The Irretrievable Ones Excerpt; Chapter Two | The Voice in the Shed
The Irretrievable Ones Excerpt; Chapter Two | The Voice in the Shed magic stories
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barriersparkI sprouted from a maple tree. Probably.
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Excerpt to The Irretrievable Ones

The Irretrievable Ones Excerpt; Chapter Two | The Voice in the Shed

Her eyes widened as she watched it float within the flames without burning.

Hesitantly, marvelling over how impossible it was for paper to not burn, she reached for it.

The flames parted for her fingers as she plucked the letter free.

Scrawled upon it was a single line.

“Do not open until December 31st,” she read aloud.

The words stuck to her eyelids.

I wouldn’t keep that, if I were you.

The fire extinguished.

Clover sprung to her feet and looked around fervently. If she hadn’t known any better, the walls had talked.

“Wh-Who said that?” she stammered.

It doesn’t matter who. All that matters is that you listen.

She swallowed hard. She studied the letter and searched for more;

a sender,

another part of the message

– anything.

But there was nothing.

“Wh-…What’s wrong with it?”

Destroy it, the walls demanded.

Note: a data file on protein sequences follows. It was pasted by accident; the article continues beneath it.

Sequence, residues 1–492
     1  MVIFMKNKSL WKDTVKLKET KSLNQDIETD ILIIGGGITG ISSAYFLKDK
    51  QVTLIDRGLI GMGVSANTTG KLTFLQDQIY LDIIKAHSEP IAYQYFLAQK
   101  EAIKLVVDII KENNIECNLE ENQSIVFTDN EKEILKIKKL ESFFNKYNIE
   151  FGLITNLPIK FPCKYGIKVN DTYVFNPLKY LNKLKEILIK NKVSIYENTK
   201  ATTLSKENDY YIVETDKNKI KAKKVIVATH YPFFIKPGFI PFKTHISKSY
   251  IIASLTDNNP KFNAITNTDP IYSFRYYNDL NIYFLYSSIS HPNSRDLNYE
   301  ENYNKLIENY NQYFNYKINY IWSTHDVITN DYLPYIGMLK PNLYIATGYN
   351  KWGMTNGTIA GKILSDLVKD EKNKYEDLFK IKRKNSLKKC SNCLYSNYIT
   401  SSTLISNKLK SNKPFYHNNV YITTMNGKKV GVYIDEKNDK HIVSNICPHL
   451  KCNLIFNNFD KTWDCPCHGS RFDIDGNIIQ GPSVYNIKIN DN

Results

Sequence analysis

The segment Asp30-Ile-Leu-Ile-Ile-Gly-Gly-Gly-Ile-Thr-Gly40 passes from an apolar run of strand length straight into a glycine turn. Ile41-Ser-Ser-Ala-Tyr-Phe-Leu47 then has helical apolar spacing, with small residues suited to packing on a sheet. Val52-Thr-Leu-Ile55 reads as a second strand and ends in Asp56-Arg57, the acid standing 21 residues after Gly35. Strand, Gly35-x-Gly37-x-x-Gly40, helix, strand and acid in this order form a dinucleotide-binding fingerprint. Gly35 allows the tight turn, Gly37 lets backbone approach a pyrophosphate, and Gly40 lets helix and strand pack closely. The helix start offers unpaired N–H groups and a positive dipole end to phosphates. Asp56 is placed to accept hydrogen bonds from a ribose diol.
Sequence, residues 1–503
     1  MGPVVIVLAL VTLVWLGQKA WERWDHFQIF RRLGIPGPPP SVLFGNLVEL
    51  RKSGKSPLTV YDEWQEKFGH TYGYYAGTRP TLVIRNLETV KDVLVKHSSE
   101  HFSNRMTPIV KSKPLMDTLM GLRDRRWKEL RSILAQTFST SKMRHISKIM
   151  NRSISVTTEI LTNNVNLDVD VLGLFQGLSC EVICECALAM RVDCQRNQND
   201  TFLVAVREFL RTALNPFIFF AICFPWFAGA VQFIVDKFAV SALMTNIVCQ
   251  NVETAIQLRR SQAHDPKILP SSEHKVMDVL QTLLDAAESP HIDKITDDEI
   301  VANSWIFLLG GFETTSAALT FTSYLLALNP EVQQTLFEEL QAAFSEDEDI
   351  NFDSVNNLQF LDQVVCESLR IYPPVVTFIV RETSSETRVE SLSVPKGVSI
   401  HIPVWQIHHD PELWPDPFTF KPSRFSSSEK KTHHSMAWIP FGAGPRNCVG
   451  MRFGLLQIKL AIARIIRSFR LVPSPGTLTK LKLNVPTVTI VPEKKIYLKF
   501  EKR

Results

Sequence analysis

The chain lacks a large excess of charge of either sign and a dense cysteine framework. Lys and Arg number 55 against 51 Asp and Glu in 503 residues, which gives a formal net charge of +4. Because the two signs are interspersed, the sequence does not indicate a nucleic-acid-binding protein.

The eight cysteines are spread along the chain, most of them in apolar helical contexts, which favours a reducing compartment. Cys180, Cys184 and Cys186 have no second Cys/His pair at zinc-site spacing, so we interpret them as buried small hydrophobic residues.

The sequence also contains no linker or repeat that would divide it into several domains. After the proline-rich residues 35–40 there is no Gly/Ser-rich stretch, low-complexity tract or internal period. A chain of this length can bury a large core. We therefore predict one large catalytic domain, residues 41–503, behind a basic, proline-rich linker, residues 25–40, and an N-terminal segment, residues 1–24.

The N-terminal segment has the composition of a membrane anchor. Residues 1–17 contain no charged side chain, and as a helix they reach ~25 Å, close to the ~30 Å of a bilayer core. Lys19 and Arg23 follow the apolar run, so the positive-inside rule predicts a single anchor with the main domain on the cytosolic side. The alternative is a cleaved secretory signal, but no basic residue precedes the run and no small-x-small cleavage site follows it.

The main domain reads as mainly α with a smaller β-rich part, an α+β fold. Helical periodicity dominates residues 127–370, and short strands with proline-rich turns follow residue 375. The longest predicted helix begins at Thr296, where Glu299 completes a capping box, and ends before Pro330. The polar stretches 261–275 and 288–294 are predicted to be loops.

“Why should I believe you? I c-can’t even see your face.”

She set the letter on the floor in front of the jar and turned on her heel, watching the walls as she spoke.

“I have to go. I shouldn’t be talking to strangers.”

I am no stranger.

I’ve watched you since the moment you opened your eyes.

Your parents know me well.

“Then who are you? Why’ve they never told me about you?”

Your parents keep many secrets but I don’t need to tell you that. You’ve always felt it.

Even now I see on your face you’re struggling to find reasons to doubt my words.

The walls were right, she thought as she shivered. Her parents had always been secretive.

There were the moves from city to city,

the hushed conversations she caught the tails of,

the fact that Clover didn’t know anything about her parents’ childhood

or the names of her own grandparents, let alone whether any of them were alive.

The same went for any relatives in general. All she knew they had were the terrible Crowleys

– friends of the family she’d sometimes been made to stay with during the summer.

If you leave, I’ll go and take my answer with me.

“The answer to what?”

To what you are. If you find me, I can show you.

At that moment, the flames reappeared.

They flickered before her and moved like a hand beckoning for her touch.

With hesitant yet curious steps, she walked to the jar and sat before it.

Her shaking breaths cut the flames.

She watched them,

her hands devoured by the cold,

she timidly reached them onto the warm glass.

When she blinked a moment later,

the shed disappeared and took every bit of Olearia Crescent with it.

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